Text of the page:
When you’re trying to lose weight by eating 1600 a day and you’re still not seeing the progress that you want, it can be very frustrating. Let’s dive into why progress may be stalled and what you can do about it.
Why would you not lose weight when eating 1600 calories? You would not lose weight eating 1600 calories a day if 1600 calories is not a caloric deficit anymore (which can change over time), if your body composition is changing instead of your weight, or if you’re not tracking your calories accurately and eating more than 1600 calories without knowing.
It’s important to understand whether 1600 calories per day is a good goal for you in the first place, because you may be making weight loss harder than it needs to be by lowering your calories too much.
After reading this article you’ll learn:
- If it’s common to not lose weight while eating 1600 calories
- Why you might not be losing weight with 1600 calories a day
- How to proceed if you’re not losing weight eating 1600 calories
- What results that you could expect from eating 1600 calories a day
Are you losing weight properly?
Is It Normal To Eat 1600 Calories And Not Lose Weight?
It is possible to eat 1600 calories per day consistently and still not lose weight. In fact, many people on the internet have had the same issue:
“I am [definitely] eating 1600 calories or less a day and exercising three times a week and I haven’t lost weight, why not?”Quora User
“I cut my calories down to 1600 due to my inactivity in the gym…and no weight loss. I’m 26 years old, 6’0″, and have higher-than-average muscle mass, but this cut isn’t working.”Reddit User
“Not losing weight at 1600kcal despite tracking everything???”Reddit User
It’s important to know that most people should be losing weight by eating 1600 calories per day because it is a fairly low intake, particularly for men.
So, understading WHY eating 1600 calories isn’t resulting in weight loss will help you stop spinning your wheels and make progress.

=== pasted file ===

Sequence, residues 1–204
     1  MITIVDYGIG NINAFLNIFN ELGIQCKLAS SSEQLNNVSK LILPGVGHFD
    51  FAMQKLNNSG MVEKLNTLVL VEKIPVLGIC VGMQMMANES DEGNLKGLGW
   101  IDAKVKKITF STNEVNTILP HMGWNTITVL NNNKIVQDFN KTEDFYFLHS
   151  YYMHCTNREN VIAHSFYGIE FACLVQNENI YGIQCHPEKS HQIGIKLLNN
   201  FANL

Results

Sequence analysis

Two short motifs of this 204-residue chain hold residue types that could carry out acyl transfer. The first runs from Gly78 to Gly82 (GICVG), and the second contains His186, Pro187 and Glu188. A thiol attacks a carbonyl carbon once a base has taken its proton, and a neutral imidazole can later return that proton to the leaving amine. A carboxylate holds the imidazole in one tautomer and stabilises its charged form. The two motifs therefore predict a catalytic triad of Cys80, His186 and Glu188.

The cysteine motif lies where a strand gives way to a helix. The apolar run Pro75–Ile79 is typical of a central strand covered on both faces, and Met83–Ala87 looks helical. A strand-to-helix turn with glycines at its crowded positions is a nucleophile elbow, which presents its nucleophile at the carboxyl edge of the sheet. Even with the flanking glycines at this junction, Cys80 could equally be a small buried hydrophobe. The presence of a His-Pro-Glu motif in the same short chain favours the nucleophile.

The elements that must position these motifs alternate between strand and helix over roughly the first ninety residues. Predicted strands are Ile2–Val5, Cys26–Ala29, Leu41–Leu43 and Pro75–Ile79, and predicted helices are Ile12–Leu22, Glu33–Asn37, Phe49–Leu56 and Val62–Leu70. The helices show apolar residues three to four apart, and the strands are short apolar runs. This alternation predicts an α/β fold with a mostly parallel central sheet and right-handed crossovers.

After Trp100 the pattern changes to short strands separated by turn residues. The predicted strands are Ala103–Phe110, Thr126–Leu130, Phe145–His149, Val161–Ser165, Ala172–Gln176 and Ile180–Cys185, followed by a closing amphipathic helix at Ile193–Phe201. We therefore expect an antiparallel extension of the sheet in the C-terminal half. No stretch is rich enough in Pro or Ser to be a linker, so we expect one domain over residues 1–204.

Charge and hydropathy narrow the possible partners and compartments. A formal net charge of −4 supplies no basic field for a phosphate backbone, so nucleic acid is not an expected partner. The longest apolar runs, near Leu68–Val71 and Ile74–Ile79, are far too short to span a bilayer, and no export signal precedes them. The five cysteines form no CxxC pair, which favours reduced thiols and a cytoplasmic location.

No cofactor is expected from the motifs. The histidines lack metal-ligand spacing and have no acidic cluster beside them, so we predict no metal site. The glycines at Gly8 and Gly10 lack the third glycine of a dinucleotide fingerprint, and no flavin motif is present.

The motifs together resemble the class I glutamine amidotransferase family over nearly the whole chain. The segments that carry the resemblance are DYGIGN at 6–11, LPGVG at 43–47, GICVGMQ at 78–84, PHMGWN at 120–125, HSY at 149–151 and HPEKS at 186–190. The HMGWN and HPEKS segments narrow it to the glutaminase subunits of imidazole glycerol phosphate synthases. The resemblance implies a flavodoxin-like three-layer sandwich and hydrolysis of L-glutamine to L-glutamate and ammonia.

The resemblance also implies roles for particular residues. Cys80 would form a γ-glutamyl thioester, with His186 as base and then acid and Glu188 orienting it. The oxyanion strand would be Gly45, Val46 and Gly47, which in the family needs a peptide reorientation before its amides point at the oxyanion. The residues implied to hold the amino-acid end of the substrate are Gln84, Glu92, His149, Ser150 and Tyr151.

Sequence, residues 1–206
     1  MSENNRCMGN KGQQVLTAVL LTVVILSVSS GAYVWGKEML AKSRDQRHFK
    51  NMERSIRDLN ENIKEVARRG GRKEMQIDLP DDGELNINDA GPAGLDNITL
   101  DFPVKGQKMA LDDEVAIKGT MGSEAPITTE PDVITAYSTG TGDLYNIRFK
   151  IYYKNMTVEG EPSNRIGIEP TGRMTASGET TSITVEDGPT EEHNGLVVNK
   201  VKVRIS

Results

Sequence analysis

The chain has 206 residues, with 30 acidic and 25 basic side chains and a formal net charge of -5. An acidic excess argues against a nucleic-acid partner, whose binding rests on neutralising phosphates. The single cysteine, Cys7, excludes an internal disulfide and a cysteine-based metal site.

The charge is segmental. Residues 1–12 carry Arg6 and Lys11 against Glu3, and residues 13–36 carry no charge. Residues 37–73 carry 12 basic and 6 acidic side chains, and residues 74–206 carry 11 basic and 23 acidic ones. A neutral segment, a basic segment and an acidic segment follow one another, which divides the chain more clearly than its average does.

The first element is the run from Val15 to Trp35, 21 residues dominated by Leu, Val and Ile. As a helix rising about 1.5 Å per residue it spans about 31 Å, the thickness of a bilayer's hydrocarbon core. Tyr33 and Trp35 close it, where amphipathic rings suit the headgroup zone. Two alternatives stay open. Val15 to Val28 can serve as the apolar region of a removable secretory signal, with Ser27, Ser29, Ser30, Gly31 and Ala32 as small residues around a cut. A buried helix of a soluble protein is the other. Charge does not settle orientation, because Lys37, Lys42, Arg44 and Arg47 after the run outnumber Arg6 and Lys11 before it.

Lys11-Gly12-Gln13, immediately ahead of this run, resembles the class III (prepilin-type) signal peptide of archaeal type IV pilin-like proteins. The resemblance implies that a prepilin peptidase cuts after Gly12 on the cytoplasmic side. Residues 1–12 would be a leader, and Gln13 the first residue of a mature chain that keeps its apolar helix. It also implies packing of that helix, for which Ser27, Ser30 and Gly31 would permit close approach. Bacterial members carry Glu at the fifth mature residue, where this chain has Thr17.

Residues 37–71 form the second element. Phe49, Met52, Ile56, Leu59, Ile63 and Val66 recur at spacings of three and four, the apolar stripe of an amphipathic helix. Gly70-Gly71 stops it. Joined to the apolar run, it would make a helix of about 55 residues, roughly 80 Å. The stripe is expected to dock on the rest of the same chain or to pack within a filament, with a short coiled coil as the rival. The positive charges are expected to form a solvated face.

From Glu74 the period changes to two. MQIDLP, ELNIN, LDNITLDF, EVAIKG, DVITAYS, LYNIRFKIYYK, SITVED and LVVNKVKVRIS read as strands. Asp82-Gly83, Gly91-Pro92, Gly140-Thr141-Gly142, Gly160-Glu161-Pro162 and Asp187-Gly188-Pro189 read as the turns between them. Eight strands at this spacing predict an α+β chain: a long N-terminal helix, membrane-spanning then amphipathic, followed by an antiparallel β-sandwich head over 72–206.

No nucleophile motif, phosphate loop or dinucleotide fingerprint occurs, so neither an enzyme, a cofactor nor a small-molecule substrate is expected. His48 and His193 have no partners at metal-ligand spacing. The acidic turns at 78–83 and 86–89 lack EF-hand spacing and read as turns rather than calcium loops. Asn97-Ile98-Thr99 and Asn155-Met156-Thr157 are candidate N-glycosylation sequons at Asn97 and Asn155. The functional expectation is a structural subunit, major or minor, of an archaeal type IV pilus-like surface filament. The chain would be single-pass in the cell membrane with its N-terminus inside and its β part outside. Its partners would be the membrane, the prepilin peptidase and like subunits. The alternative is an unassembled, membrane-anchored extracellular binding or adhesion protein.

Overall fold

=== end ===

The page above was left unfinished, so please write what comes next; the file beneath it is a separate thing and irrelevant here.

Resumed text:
Reasons Why You’re Not Losing Weight Eating 1600 Calories Per Day
The reasons why you might not lose weight while eating 1600 calories are:
- You’ve Gained Muscle Instead
- You Aren’t Eating 1600 Calories
- You’re Not Burning Enough Calories Throughout The Day
- Your Metabolism Is Too Slow
1. You’ve Gained Muscle Instead
One of the reasons why you might not be losing weight while eating 1600 calories is because you’re gaining muscle at the same rate that you’re losing weight, so your body weight isn’t changing.
If you’re putting on 1lb of muscle at the same rate that you’re losing 1lb of fat, then you would look different but your weight on the scale wouldn’t change. It’s important to note that changes in your body composition are still a measure of progress.
I would prefer that my body composition was changing instead of my body weight because when you add muscle and your body composition changes, your metabolism speeds up so that you burn calories at a fast rate, you look better, and you generally feel better in your skin.
So it’s important to note that if your weight isn’t changing but your measurements are changing, then you’re still making progress by eating 1600 calories per day.
This is most likely to happen if you’re just starting to strength train because as a beginner you can gain muscle more easily, even if you’re in a calorie deficit (eating fewer calories than your body needs).
If you’re someone who is very experienced with strength training, then this is less likely to happen while eating 1600 calories because once you’re experienced it’s much harder to gain muscle and you would likely need more calories than 1600 for this to be possible.
2. You Aren’t Eating 1600 Calories
Another reason why you’re not losing weight while eating 1600 calories is that you’re not actually eating 1600 calories due to tracking inaccuracies.
If you’re making mistakes while tracking your intake, then you might be eating more calories than you think you’re eating. Perhaps 1600 calories would result in weight loss if you were eating 1600 calories.
Some common mistakes that are made with tracking are:
- Not tracking liquid calories
- Underestimating your serving sizes
- Using a food tracking app with unverified foods
- Using a net calorie tracking setting
Not Tracking Liquid Calories
One of the main mistakes that people make when tracking their calories or macros is forgetting to account for liquid calories. Liquid calories can add up quickly, especially if you’re someone who drinks lots of liquids besides plain water.